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President Bush Signs Law Raising Number of H-1B Visas, Hiking Visa Fees, & Limiting L-1B Visas

  • December 9, 2004

Among the many provisions of the FY 2005 Omnibus Appropriations Act, H.R. 4818, signed into law by President Bush on December 8, 2004, are an increase of the annual H-1B visa cap by 20,000 visas, a limitation on the placement of L-1B visa holders at third-party worksites, a new H-1B visa fee of $1,500, and a new "fraud prevention fee" of $500 for H-1B and L-1 visas.

Increase of 20,000 H-1B Visas

The H-1B Visa Reform Act of 2004, and Public Law 118-441 (Dec. 3, 2004), exempt from the annual numerical limitation on H-1B visas 20,000 graduates of U.S. universities or colleges who have earned a master's or higher degree. 

  • USCIS has indicated that in each fiscal year the first 20,000 H-1B visa beneficiaries who have earned a master's or higher degree from a U.S. institution of higher education will not be subject to the Congressionally mandated annual cap of 65,000 H-1B visas.  After these slots have been filled, petitions on behalf of holders of U.S. advanced degrees will be counted against the cap.
  • In FY2005, USCIS will accept an additional 20,000 petitions on behalf of beneficiaries holding a master's or higher degree from a U.S. institution.  Petitions cannot be filed at this time as the provision does not become effective until March 8, 2005.  USCIS will provide additional guidance on eligibility and the petition process at a later date.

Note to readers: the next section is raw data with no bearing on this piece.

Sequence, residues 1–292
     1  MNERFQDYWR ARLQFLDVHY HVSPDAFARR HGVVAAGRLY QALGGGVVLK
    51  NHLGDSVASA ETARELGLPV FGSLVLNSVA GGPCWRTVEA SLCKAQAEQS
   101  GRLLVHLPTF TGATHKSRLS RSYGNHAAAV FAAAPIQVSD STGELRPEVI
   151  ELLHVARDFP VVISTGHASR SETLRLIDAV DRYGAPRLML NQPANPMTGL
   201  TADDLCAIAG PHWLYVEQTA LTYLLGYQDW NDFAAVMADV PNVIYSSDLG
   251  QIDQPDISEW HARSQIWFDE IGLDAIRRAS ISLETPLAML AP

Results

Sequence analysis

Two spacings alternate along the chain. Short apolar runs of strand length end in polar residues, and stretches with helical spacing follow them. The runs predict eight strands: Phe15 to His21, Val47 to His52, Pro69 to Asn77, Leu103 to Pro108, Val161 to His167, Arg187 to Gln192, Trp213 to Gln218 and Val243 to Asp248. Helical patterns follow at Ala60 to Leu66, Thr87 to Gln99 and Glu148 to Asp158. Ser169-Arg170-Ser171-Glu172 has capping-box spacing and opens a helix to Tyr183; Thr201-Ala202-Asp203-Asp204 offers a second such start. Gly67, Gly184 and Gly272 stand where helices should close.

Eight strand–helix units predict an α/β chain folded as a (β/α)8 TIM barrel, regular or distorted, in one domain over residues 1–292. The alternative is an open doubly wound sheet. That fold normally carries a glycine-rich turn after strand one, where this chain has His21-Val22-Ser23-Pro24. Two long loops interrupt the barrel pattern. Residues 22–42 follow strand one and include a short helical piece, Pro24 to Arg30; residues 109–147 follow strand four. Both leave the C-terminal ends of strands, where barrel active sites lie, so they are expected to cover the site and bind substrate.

Limitation on Assignment of L-1B Visa Holders

The L-1 Visa Reform Act of 2004 prohibits L-1B intracompany transferee specialized knowledge employees from being placed at an unaffiliated third party's worksite if the unaffiliated third party controls and supervises the employee or if such placement is essentially an arrangement to provide labor for hire to the third party rather than a placement in connection with the provision of a product or services for which specialized knowledge specific to the petitioning employer is needed.  This change will apply to all new L-1B visa petitions filed with USCIS on or after June 6, 2005.  It will also apply to extensions and amendments of petitions for persons presently in L-1 status.

The Act also extends the period of prior continuous employment abroad required for blanket L visas from six months to one year. Previously, beneficiaries of "blanket" petitions could obtain L-1 visa after only six months of qualifying employment. This change will apply to initial L-1 visa petitions filed with USCIS on or after June 6, 2005.  USCIS has announced that it will be issuing guidance and regulations on these changes at a later date.

Higher H-1B and L-1 Visa Fees

The Act imposes an additional $1,500 fee on each H-1B visa petition.  Petitioners employing no more than 25 full-time equivalent employees, including employees of any affiliate or subsidiary, are subject to a reduced fee of $750.  Certain types of petitions exempted from the prior $1,000 retraining fee which expired in 2003 will be exempted from the new fee. The new fees apply to any non-exempt H-1B visa petition filed with USCIS after December 8, 2004. The Act also reinstates the special non-displacement attestation for H-1B dependent employers and willful violators